From obscure to famous, sites find place on map

June 24, 1999|By TaNoah Morgan | TaNoah Morgan,SUN STAFF

Annapolis may be the heart of the county's tourism industry, but more than 40 museums and roadside markers outside the state capital tell about the county's rich history of Quaker meetings, war, farming and telecommunications.

"Journey to Our Past," a new map produced by the Shady Side Rural Heritage Society and the Captain Salem Avery House Museum in Shady Side, lists all of the county's historic locales, not just the famous tourist attractions.

The map lists every museum and historical site open to the public and weaves historical fragments into the story of the development of a county.

Holly Hill, a house on Route 261 in Friendship built in 1665 by a Quaker planter and ship owner, is one of the oldest sites. The Steward Colonial Shipyard in Galesville, which was raided and burned by British soldiers, ties the county to the Revolutionary War. It was the only Revolutionary skirmish in the county.

The Benson Hammond House, the last remaining farmhouse on Baltimore-Washington International Airport property, stands as a monument to the county's truck farm industry. And the Historical Electronics Museum in Linthicum features treasures of defense electronics, including radar.

Even the one-room Hartge Nautical Museum in Galesville, which opened this month, has a space on the 17-by-24-inch fold-out map.

"There are a lot of us little groups out in the county who get no attention at all," said Susan Savage-Stevens, project director. "This puts all of us on the same playing ground."

The free maps will make their debut July 4, during the Shady Side museum's Independence Day celebration. They will be available at the county visitors bureaus in Annapolis and at museums throughout the county.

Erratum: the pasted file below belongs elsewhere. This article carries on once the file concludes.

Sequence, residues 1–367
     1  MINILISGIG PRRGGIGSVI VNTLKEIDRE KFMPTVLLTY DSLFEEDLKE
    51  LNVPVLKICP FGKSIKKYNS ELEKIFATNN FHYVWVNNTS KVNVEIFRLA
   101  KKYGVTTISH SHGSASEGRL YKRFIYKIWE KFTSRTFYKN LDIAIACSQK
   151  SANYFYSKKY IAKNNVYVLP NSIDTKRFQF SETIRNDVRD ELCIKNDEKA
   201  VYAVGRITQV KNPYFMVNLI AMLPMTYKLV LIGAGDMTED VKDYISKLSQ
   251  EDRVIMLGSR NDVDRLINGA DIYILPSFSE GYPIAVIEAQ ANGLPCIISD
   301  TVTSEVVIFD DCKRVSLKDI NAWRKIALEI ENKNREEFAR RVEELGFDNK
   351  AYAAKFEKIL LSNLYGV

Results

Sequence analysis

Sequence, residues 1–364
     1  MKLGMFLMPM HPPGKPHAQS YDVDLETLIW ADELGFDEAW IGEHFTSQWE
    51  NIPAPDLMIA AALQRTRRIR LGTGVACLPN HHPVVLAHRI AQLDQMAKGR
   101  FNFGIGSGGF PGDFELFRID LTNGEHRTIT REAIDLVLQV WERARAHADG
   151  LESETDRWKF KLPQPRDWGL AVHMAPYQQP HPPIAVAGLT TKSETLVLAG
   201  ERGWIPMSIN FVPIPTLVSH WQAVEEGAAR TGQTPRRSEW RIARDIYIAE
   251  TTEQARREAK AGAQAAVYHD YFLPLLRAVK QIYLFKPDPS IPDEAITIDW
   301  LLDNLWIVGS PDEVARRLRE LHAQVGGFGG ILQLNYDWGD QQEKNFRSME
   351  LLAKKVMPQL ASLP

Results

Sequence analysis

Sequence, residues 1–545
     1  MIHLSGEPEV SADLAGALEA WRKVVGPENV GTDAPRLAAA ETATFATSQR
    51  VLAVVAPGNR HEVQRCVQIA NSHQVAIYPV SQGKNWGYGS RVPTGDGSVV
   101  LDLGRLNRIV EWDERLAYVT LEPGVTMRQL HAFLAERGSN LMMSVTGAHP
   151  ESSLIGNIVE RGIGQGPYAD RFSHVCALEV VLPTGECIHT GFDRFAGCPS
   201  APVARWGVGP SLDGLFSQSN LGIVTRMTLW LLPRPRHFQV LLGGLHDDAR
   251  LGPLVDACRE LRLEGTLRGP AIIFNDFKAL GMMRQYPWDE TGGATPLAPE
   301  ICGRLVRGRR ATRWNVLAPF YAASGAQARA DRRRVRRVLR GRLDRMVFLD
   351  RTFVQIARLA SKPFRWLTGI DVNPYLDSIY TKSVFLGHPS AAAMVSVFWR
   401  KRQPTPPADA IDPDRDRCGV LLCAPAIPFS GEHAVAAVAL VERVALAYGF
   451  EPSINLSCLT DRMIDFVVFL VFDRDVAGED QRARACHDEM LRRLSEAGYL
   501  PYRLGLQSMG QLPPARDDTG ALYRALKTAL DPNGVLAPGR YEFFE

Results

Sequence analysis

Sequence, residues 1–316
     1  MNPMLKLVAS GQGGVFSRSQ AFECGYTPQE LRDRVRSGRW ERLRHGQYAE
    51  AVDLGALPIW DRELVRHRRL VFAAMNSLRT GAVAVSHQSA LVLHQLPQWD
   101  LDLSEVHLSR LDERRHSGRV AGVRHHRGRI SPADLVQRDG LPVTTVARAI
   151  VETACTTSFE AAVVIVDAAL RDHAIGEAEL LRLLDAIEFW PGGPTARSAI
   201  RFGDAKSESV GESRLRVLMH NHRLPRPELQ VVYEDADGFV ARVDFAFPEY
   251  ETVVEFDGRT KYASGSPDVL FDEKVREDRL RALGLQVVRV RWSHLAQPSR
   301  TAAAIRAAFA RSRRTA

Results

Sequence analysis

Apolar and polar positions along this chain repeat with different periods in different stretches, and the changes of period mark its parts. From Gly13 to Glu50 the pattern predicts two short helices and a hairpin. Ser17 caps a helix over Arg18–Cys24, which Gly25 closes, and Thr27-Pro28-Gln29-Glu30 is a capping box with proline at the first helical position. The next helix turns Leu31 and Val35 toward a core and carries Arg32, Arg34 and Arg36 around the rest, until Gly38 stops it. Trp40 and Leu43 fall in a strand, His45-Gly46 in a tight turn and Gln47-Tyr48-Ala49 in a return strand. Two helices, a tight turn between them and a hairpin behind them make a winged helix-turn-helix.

The full-color map, illustrated with sketches of museums, categorizes the 63 sites as African-American, military, railroad or Colonial period.

"It would allow [visitors] to plan their day," said designer Ruthie Thompson. "They'll know when the museum opens, know a little of what it's about. Hopefully it'll bring more visitors."

"Journey to Our Past" is a part of Celebrate 350 Annapolis and Anne Arundel, a yearlong anniversary celebration of the settling of the area. Another Celebrate 350 program, "Passport to History," is bringing more visitors to the out-of-the-way museums in the county. The Captain Salem Avery House, for example, has doubled visiting hours for the summer to accommodate more visitors.

Savage-Stevens got the idea for the map last year when she saw a similar one for Queen Anne's County. Meanwhile, Greg Johnson and Dana Flanders, friends of the museum, were researching historic markers in the county in hopes of writing a book, but they could not find money for their project.

Six weeks in the making, the project attracted much support.

Preservation Maryland gave $2,000 in late February, and Anne Arundel County Trust for Preservation added $1,000 in April. Shady Side residents came up with $1,800 to help double the first printing to 31,000 copies.

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